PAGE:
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 Hydrogen777 Administrator5990 Posts11 Cresco 14:2 - 15.82.62818.536 days ago A Tree said:So you want a line going between those two points?I got it. A function from (1, 2) to (a, b) where a and b are rational numbers is f(x) = (x - 1)(b - a) + a. [Quote] [Link]
 Fwip said:Basically, integers are numbers that you can write without a decimal point. -5, 0, and 200182391 are all integers. 4/3, 0.5, and 3.14159... are not. Oh. That helped a lot. Thanks fwip-whip. [Quote] [Link]
 Ghost ride the Fwip. *remeniscs, remembering the fwipocolypse* Hey, can somebody provide a concise description of each of the conic sections, and how to identify them just by looking at the function? Specifically hyperbolas, and the wibby wobby, asymptoty...stuff. [Quote] [Link]
 Circles are of the form: Ax2 + Ay2 = C, where A and C are positive. Ellipses: Ax2 + By2 = C, with A != B (as well as positive). Parabolas look like: y = Ax2 + Bx + C or x = Ay2 + Bx + C where A is nonzero (positive or negative) and B and C are any (real) number. And I believe hyperbolas are: Ax2 - By2 = C or Ay2 - Bx2 = C where A and B are positive, and C is any number (might have to be nonzero?) Edit: Ah, not completely right. Or rather, technically correct but misleading. Redux: Circles: (x - A)2 + (y - B)2 = R2 (A and B are the X&Y coordinates of the center, R is the radius) Ellipses: ((x - A)2 / F2) + ((y - B)2 / G2) = 1 (A and B are again coordinates, F & G influence the size & shape of the ellipse). Hyperbolas: ((x - A)2 / F2) - ((y - B)2 / G2) = 1 (F and G are positive). [Quote] [Link]
 What abou having to draw both parts of the hyperbola and the asymptotes. My Geometry teacher and my Algerbra 2/Trig teacher failed to teach this thoroughly. [Quote] [Link]
 Hmm, I don't remember the right way to do it. I usually just plug in a couple values for x or y, plot them, and eyeball the asymptotes. Easier if you don't mind using your calculator to get a table of values. :b [Quote] [Link]
 eofpi Administrator656 Posts11 Cresco 14:2 - 19.45.23818.354 days ago
 Would some nice person be able to explain to me how to get an equation (let's say 3sinx + 4cosx) in the form Asin(x+a)? [Quote] [Link]
 A Tree said:Would some nice person be able to explain to me how to get an equation (let's say 3sinx + 4cosx) in the form Asin(x+a)? asinx+bcosx=sqrt(a2+b2)*sin((x+[The angle formed from the x-axis to point (a,b)])) 3sinx+4cosx=5sin(x+sin(4/5)) #You can use cos, tan, or sin for the angle [Quote] [Link]
 Umm.. don't you use auxiliary method? So let's say we have 3sinx + 4cosx. We need to put it in the form Asin(x+a)? Well, 3sinx + 4cosx = Asin(x+a) Asin(x+a) = A[sinxcosa + sinacosx] =Asinxcosa + Asinacosx You match the coefficients. So 3sinx matches with Asinxcosa, and 4cosx matches with Asinacosx. 3 is the coefficient of sinx, and so is Acosa. So Acosa=3 4 is the coefficient of cosx, and so is Asina. So Asina=4 You cancel out the A's and divide sina/cosa to get tana. So tana=4/3. Therefore a=53 degrees. So you have Asin(x+53) To find A you just root the sum of the square coefficients of the first equation (3sinx + 4cosx) so root(3^2+4^2) = 5. So A=5. Therefore 3sinx + 4cosx = 5sin(x+53). Sorry if it didn't make sense, best way i could explain. [Quote] [Link]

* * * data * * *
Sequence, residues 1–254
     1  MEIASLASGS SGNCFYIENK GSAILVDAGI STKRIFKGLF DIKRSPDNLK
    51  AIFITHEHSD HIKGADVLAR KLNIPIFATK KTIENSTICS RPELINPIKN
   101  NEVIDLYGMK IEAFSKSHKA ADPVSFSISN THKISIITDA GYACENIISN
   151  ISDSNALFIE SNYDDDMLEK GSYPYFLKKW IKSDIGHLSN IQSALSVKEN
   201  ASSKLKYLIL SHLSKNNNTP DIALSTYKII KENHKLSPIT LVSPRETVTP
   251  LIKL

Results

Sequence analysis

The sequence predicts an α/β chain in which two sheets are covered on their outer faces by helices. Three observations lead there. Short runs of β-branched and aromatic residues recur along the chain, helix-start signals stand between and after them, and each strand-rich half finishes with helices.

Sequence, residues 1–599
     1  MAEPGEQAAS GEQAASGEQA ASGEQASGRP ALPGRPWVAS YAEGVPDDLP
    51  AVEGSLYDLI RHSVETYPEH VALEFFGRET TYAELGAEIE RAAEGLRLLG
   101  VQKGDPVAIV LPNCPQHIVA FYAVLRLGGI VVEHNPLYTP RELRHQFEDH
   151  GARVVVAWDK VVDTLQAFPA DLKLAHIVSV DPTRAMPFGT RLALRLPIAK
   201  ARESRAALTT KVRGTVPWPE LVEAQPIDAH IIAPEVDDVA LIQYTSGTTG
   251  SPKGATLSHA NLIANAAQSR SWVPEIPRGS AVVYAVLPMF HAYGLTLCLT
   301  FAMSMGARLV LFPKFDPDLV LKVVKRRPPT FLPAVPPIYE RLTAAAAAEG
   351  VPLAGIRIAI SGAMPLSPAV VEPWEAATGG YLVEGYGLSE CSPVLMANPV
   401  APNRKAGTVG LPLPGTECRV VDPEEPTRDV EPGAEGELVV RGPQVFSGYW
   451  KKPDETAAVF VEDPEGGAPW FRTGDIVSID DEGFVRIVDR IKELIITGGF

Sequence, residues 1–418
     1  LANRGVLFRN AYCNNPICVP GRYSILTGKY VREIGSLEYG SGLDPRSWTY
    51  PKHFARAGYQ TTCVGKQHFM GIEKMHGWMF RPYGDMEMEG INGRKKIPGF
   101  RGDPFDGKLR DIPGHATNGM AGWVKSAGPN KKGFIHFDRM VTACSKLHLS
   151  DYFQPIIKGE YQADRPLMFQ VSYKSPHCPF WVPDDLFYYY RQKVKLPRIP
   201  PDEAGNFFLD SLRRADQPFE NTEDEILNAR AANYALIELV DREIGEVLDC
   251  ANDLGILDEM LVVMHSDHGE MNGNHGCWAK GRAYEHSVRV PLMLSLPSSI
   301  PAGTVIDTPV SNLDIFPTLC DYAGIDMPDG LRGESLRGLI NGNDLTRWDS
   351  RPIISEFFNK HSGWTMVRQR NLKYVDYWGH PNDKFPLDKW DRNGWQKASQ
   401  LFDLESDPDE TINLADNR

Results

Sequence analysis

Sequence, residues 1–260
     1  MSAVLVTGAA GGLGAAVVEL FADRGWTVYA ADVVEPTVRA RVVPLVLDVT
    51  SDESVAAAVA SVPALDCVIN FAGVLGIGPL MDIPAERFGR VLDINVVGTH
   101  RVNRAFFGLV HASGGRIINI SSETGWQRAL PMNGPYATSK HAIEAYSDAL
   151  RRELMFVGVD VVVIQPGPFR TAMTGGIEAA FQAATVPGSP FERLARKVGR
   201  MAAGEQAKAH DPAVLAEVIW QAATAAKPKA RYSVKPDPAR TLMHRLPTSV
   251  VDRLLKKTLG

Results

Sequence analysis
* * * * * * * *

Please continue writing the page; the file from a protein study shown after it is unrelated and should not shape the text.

I have a problem that's in a random textbook that my mom gave me: Find the area inside the weird nut-shaped thing. By the way, it's supposed to be perfectly curved, instead of wiggly like mine. EDIT: I forgot something. The curved thing is in a square. [Quote] [Link]
 I assumed they were quarter circles. page stretching solution image [Quote] [Link]
 Can somebody explain simply how to use the unit circle? [Quote] [Link]
 Hydrogen777 Administrator5990 Posts11 Vigeo 1:3 - 6.59.75805.997 days ago The unit circle is useful for seeing the values of sin(θ) and cos(θ) for a given angle θ. If you draw a line from the origin through the unit circle such that the line forms an angle θ with the positive x-axis, the line will intersect the unit circle at a point P. The coordinates of P are (cos(θ), sin(θ)). Usually, common angles and their corresponding points on the unit circle are graphed so that you can see the pattern of the values that the sine and cosine take as you move around the circle. [Quote] [Link]
 I somewhat remember that if you have a quadratic polynomial and one root, there is a simple relationship to the other root. Anybody recall what that is? I only ask because I am using my BAII plus to solve a quadratic and it quickly gives one root via the IRR button (after putting in the proper Cash Flow worksheet). [Quote] [Link]
 Use the sum or product of the roots? [Quote] [Link]
 Never mind. I found it: c/a=x1*x2 [Quote] [Link]
 Eitakxner said:Can someone please help me with this stupid algebra problem? I assume that x, y, and z need to work for all three of the presented problems. If that's the case, I think I give up now. I don't like working around fractions. [Quote] [Link]

Step 1 - Destroy the denominators

2x + 4 - 3y - 12 + z + 1 = 0
4x - 16 + 3y + 3 - 6z + 12 = -12
2x + 2 + 2y + z - 1 = 3

Step 2 - Move constant terms off to the right

2x - 3y + z = 7
4x + 3y - 6z = -11
2x + 2y + z = 2

Step 3 - Subtract the 3rd equation from the 1st

2x - 2x - 3y - 2y + z - z = 7 - 2
-5y = 5
y = -1

2x + z = 4
4x - 6z = -8

Step 5 - Subtract the 2nd equation from 2 times the 1st

4x - 4x + 2x + 6z = 8 + 8
8z = 16
z = 2

It's 1

x = 1
y = -1
z = 2

Yay.